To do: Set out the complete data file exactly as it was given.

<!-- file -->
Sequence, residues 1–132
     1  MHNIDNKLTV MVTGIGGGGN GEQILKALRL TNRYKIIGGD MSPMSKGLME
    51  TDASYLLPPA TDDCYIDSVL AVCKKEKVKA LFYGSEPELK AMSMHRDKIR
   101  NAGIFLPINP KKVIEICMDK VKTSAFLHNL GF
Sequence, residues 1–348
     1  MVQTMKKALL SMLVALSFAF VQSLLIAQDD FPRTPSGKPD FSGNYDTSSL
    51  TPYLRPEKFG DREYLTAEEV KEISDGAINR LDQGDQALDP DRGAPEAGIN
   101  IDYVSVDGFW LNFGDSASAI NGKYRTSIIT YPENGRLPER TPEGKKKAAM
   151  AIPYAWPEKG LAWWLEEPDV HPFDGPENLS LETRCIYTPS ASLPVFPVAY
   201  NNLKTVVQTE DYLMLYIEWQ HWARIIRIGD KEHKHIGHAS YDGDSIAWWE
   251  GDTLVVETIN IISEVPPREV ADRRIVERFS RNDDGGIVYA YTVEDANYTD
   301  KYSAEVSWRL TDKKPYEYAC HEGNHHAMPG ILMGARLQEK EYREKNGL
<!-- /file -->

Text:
Sequence, residues 1–132
     1  MHNIDNKLTV MVTGIGGGGN GEQILKALRL TNRYKIIGGD MSPMSKGLME
    51  TDASYLLPPA TDDCYIDSVL AVCKKEKVKA LFYGSEPELK AMSMHRDKIR
   101  NAGIFLPINP KKVIEICMDK VKTSAFLHNL GF
Sequence, residues 1–348
     1  MVQTMKKALL SMLVALSFAF VQSLLIAQDD FPRTPSGKPD FSGNYDTSSL
    51  TPYLRPEKFG DREYLTAEEV KEISDGAINR LDQGDQALDP DRGAPEAGIN
   101  IDYVSVDGFW LNFGDSASAI NGKYRTSIIT YPENGRLPER TPEGKKKAAM
   151  AIPYAWPEKG LAWWLEEPDV HPFDGPENLS LETRCIYTPS ASLPVFPVAY
   201  NNLKTVVQTE DYLMLYIEWQ HWARIIRIGD KEHKHIGHAS YDGDSIAWWE
   251  GDTLVVETIN IISEVPPREV ADRRIVERFS RNDDGGIVYA YTVEDANYTD
   301  KYSAEVSWRL TDKKPYEYAC HEGNHHAMPG ILMGARLQEK EYREKNGL